With the divorce rate averaging 50% nationally, and 68% of re-marriages involving children from prior marriages, there are more blended families in today’s society than ever before. In fact, a study I came across recently said 2100 new blended families are formed every day in America!
The old show The Brady Bunch makes blended families often seem easy, but that is so far from the truth! For children involved in blended families, even those that know they are dearly loved by everyone in their life, stress can still strike, often due to the regular routines of custody schedules. However, if there are two times of the year that are often the most full of stress it’s holidays and summer time when extended visits are arranged and normal routines are set aside.
Even if kids don’t seem to be exhibiting signs of stress, most likely, there is some under the surface. Monday’s post reviewed symptoms to look out for in kids and some activities to help them calm down, but when it comes to blended families, we might have to give some extra effort to managing their stress.
– Tell them about the schedule ahead of time so they aren’t blindsided by upcoming plans. Some only need a few days notice while others may need a month. Be aware of your child’s reactions to plans and make changes for the next time if needed.
– Although summer may bring on a new set of seasonal challenges in blended families, the attitude of both parents can play a huge role in the adjustment and happiness of the children. Parents who talk negatively about the step-parent or biological parent will cause children to have a more difficult time dealing with situations and their own emotions.
– Keep a family calendar on the fridge or somewhere visible so the family always knows what’s planned
– Children of blended families need a place to call their own in each home, including their own personal drawers, space and privacy. This helps them feel like a member of the family and not just a visitor.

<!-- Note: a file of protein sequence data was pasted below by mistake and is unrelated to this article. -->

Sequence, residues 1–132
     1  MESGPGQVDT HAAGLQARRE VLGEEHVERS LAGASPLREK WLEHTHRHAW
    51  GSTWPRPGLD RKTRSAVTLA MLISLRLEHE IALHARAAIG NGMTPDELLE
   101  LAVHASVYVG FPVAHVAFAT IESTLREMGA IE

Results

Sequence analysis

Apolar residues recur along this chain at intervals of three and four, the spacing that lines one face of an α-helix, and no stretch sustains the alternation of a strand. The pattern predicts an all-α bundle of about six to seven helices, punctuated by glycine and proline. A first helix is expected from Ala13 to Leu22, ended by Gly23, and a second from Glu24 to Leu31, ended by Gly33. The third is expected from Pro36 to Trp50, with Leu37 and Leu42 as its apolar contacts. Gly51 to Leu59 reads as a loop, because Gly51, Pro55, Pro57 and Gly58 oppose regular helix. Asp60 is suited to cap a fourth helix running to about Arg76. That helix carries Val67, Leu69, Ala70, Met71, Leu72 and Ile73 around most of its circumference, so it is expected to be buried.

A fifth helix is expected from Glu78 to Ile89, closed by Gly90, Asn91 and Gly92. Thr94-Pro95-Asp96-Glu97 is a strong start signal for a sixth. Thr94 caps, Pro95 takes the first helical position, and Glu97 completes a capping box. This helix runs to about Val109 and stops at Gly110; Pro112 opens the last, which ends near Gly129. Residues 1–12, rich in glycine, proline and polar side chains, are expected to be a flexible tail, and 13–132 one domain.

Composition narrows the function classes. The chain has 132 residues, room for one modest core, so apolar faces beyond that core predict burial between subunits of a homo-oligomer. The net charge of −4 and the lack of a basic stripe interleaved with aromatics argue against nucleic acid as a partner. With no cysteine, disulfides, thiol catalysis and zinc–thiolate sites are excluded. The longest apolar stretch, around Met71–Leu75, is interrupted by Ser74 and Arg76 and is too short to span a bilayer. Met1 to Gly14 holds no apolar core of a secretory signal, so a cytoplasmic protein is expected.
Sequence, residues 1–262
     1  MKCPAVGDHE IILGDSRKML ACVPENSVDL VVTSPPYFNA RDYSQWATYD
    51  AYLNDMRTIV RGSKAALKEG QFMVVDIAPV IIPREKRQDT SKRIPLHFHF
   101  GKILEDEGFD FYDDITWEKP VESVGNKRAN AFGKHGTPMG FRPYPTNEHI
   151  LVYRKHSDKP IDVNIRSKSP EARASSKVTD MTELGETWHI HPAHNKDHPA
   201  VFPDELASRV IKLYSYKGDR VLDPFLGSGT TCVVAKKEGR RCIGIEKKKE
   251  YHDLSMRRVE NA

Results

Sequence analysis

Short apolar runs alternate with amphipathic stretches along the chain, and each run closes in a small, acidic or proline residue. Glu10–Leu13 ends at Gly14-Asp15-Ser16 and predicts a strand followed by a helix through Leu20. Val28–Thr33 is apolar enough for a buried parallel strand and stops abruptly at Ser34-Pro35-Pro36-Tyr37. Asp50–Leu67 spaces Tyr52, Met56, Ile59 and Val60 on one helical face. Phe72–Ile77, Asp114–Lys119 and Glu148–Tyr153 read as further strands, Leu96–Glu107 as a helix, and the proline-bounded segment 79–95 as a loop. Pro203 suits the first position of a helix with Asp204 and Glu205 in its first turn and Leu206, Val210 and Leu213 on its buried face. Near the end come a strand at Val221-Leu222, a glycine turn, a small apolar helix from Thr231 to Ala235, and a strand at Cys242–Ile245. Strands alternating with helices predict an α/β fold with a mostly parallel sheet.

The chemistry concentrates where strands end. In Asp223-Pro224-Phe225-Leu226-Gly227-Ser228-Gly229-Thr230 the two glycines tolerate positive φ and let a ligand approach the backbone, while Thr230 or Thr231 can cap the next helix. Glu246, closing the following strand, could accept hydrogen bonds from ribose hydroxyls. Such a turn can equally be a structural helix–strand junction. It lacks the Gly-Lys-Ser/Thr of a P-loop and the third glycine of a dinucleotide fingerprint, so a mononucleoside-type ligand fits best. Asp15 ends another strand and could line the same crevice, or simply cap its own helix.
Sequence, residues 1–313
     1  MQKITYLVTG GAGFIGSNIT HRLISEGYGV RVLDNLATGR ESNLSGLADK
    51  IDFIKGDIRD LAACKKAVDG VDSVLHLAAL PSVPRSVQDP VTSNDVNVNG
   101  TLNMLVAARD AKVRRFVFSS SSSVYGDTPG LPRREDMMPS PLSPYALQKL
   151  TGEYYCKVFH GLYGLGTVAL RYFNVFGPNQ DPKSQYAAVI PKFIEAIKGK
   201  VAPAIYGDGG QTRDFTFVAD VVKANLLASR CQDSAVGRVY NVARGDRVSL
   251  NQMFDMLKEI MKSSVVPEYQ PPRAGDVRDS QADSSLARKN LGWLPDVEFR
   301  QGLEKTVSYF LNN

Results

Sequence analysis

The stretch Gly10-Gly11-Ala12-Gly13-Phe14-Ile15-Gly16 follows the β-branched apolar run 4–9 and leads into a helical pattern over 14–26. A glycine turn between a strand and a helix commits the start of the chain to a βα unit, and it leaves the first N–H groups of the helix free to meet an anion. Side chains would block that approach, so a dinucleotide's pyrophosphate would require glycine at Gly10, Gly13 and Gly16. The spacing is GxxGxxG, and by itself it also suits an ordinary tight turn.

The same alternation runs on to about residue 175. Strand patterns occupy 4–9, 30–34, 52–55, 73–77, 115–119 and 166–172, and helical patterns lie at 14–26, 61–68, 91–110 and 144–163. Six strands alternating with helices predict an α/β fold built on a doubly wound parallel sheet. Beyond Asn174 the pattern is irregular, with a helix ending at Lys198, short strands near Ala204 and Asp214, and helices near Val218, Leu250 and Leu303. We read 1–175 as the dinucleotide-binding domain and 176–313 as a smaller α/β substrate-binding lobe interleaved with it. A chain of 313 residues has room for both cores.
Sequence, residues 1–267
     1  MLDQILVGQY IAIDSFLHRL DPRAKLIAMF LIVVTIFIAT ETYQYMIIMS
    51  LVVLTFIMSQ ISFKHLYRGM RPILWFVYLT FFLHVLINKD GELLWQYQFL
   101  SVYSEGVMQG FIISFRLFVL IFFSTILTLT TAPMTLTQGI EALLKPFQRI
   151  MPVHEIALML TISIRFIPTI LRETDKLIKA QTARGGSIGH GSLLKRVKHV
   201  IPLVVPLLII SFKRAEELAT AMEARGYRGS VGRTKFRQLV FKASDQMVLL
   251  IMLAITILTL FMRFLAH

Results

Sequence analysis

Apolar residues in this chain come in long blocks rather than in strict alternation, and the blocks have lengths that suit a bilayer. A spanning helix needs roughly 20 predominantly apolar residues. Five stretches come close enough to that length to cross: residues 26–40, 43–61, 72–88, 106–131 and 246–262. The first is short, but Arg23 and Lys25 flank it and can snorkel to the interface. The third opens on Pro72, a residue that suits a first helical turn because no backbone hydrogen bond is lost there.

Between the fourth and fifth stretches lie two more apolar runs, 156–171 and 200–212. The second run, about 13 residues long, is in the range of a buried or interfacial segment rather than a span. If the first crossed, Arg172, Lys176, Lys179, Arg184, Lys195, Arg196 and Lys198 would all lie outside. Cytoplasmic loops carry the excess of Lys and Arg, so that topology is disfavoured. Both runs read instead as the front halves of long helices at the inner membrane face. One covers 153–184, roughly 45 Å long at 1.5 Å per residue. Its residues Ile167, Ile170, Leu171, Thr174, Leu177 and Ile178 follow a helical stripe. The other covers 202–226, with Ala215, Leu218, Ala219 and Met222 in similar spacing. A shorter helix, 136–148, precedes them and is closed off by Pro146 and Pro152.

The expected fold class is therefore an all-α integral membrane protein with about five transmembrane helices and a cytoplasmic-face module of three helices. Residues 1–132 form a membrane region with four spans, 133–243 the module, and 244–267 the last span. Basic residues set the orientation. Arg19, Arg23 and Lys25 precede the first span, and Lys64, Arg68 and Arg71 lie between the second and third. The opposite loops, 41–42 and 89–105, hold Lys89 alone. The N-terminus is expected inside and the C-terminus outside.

– Depending on the ages of your children, include kids in the planning as much as possible. Allow them the opportunity to ask questions and let them know that open and honest communication is always wanted and encouraged.
– Try to plan trips or special summer outings during times where all the kids can go. Be sure to check with all parents to make sure vacation plans don’t overlap or occur too close together.
– In blended families, especially where children reside in both homes at various times, children may feel displaced at times, and sometimes feel alienated. Each parent should take time to talk to their own child to address that child’s feelings about the marriage, step-siblings, and family so emotions don’t build up.
– When planning vacations as a step-family, children often feel increased tension when everyone is together for extended periods of time. Make sure to not set your expectations too high and prepare yourself for some disagreements, however, set out for vacation with a positive attitude and intentionally be contagious to everyone around you.
– Biological parents need to be cognizant of spending time with their biological children when they are in the home. Although they may love their step-parent, it’s important to spend quality time with the biological parent as well, helping them feel loved and connected.
– If children are away from their regular home for extended periods of time in the summer, try to make provisions ahead of time for the child to keep in touch with friends and family while they are away. Plan activities or camps for them so they don’t feel like they are missing out on all the fun back home.
– Make sure the child understands the rules of the home and don’t assume that they already know. Then give them time to adjust and get involved with life in your household. They may need time to work through their thoughts and feelings and adjust to new surroundings.
– Know what their hobbies are or what favorite movies they like to watch, and prepare ahead of time to have these on hand.
Summer comes around every year, but it doesnt have to a season of dread for blended families. These are just a few tips to keep in mind to help build harmony in the home when routines and family dynamics change.
The winners of Wednesday’s double giveaway for the children’s book/DVD sets of From the Pound to the Palace by Van Walton are:
1. Twitter handle: Kelly S @KellyS91709
2. Diamond Jernigan who posted on July 31 at 1:56pm
If you are one these people, please send me an email with your address to firstname.lastname@example.org